This is the time of year when we take stock of the success of the years Pearl-bordered Fritillary all too short fight period. The news is not very good as once again despite our best efforts in providing the habitat the weather has stepped in with rain overcast skies and strong cold winds, not ideal breeding conditions for a small rare butterfly. Some have been seen and with the past few days of sunshine hopefully the late fliers will be able to get out there and lay some eggs in hope of a sunny spring next year.
On the subject of habitat within conservation there are often difficult decisions to be made around management options. One of these conundrums is developing on the side of the gorge below Castle Drogo.
For many years Piddledown common has been managed to benefit the Fritillary butterfly for a while the High Brown and Dark Green Fritillaries hung on but a series of poor summers saw them disappear now the Pearl bordered and small Pearl-bordered Fritillaries have the place to themselves.
Nationally the Pearl-bordered Fritillary is declining at an alarming rate, it was a species of coppice woodland, following the woodman as he cut parts of the wood on rotation, violets (the caterpillars food plant) growing profusely in the newly cut areas, allowing the butterfly to breed in the sheltered sunny clearings. As woodland management declined after the war so too did the butterfly the remaining colonies clinging on in scrubby grass–heaths with violets growing under a bracken ‘canopy’, particularly in the west where Dartmoor is seen as a ‘stronghold’.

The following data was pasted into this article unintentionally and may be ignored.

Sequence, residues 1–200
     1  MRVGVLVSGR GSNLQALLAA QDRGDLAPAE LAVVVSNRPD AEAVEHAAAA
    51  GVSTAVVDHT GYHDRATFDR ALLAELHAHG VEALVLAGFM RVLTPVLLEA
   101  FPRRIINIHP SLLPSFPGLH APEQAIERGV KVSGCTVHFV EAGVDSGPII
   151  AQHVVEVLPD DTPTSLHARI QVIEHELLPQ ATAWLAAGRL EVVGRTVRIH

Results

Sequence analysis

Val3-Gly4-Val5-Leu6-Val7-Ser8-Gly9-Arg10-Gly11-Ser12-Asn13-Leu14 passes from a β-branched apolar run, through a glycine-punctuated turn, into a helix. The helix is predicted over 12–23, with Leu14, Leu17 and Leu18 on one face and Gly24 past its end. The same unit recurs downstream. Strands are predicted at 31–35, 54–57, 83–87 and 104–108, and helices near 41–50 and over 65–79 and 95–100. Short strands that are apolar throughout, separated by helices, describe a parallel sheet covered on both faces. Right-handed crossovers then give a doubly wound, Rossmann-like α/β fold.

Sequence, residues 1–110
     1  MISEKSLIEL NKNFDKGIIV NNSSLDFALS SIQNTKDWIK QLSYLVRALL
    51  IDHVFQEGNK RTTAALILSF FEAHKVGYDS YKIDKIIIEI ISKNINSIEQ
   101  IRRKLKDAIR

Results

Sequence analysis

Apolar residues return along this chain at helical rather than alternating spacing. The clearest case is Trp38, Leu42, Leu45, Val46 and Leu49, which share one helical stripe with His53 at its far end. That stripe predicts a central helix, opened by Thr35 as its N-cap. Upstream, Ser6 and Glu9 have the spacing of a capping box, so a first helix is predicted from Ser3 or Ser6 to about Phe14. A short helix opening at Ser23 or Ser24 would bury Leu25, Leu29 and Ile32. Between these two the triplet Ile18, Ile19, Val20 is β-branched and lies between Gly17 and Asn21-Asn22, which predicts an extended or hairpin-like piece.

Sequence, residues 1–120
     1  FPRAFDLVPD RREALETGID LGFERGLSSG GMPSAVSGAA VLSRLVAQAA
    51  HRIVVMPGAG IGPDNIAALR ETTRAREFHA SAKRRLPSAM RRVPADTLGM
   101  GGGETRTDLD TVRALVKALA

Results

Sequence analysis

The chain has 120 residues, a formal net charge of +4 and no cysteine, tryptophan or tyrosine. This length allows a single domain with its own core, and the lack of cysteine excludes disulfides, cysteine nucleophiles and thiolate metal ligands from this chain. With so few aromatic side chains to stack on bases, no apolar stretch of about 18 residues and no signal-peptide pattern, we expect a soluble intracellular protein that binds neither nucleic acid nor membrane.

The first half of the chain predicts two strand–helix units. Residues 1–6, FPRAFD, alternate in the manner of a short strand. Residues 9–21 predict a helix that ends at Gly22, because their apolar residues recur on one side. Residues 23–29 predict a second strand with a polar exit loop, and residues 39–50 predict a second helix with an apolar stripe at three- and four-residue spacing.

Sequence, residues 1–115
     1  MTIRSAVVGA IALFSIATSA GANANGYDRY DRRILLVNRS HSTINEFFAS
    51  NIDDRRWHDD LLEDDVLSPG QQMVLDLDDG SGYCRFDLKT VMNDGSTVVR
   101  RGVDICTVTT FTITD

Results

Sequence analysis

Our management has ensured the well being of the butterfly for the last 20 years and populations are still viable. However nothing in nature is static and the habitat is slowly changing the bracken is less vigorous and new plants are beginning to spread.
The main culprit is our iconic woodland favourite the Bluebell its gift of colour and scent the subject of art, poetry and song. The problem is they also form dense mats of vegetation in the areas where the Fritillaries breed forcing out the violets and cooling the environment where the dead bracken used to absorb the heat of the sun and raise the temperature for the caterpillars to develop. In some places Bluebells have wiped out small colonies of Fritillaries.
So the dilemma is do we leave to site to develop into a sea of glorious scented blue matching the swathes of spring blue common in many other woods. Everybody visiting the area will gaze at the colours and smell the perfume and wonder at the beauty of nature.
Or do we try and restrict the spread of this headlining plant to protect the dainty but often overlooked violets and the rare and declining Fritillary which to those with an eye to see are also wonders of natures handy work, but easily overlooked by the casual observer.
And what happens if the bluebells in particular spread further onto these small and very select areas of butterfly habitat do we actively control them? Can you see the head lines ‘’National Trust wipe out bluebells’’!!! Whereas if the Fritillary slowly disappeared how many people would notice?
Which way would you go?